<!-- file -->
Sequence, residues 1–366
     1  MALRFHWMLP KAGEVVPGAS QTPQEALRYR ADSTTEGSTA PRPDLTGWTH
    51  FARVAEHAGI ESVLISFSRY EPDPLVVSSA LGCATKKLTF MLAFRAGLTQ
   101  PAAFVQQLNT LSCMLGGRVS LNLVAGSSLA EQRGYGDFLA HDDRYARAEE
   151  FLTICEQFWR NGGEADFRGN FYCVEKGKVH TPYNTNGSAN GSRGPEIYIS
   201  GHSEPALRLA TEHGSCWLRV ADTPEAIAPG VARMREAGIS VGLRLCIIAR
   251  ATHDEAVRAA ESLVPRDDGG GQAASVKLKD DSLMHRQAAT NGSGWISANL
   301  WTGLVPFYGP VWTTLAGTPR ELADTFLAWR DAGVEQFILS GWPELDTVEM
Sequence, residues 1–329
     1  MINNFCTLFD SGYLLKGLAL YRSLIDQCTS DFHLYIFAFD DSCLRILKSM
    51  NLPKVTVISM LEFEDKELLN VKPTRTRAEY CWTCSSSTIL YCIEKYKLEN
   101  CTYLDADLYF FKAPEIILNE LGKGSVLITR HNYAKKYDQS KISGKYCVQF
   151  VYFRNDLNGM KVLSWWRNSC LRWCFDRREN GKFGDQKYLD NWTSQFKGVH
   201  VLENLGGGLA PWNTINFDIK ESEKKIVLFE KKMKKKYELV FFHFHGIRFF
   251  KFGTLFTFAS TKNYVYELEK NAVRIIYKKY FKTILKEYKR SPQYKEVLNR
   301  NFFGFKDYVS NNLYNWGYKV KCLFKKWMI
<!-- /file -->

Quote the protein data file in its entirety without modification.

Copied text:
Sequence, residues 1–366
     1  MALRFHWMLP KAGEVVPGAS QTPQEALRYR ADSTTEGSTA PRPDLTGWTH
    51  FARVAEHAGI ESVLISFSRY EPDPLVVSSA LGCATKKLTF MLAFRAGLTQ
   101  PAAFVQQLNT LSCMLGGRVS LNLVAGSSLA EQRGYGDFLA HDDRYARAEE
   151  FLTICEQFWR NGGEADFRGN FYCVEKGKVH TPYNTNGSAN GSRGPEIYIS
   201  GHSEPALRLA TEHGSCWLRV ADTPEAIAPG VARMREAGIS VGLRLCIIAR
   251  ATHDEAVRAA ESLVPRDDGG GQAASVKLKD DSLMHRQAAT NGSGWISANL
   301  WTGLVPFYGP VWTTLAGTPR ELADTFLAWR DAGVEQFILS GWPELDTVEM
Sequence, residues 1–329
     1  MINNFCTLFD SGYLLKGLAL YRSLIDQCTS DFHLYIFAFD DSCLRILKSM
    51  NLPKVTVISM LEFEDKELLN VKPTRTRAEY CWTCSSSTIL YCIEKYKLEN
   101  CTYLDADLYF FKAPEIILNE LGKGSVLITR HNYAKKYDQS KISGKYCVQF
   151  VYFRNDLNGM KVLSWWRNSC LRWCFDRREN GKFGDQKYLD NWTSQFKGVH
   201  VLENLGGGLA PWNTINFDIK ESEKKIVLFE KKMKKKYELV FFHFHGIRFF
   251  KFGTLFTFAS TKNYVYELEK NAVRIIYKKY FKTILKEYKR SPQYKEVLNR
   301  NFFGFKDYVS NNLYNWGYKV KCLFKKWMI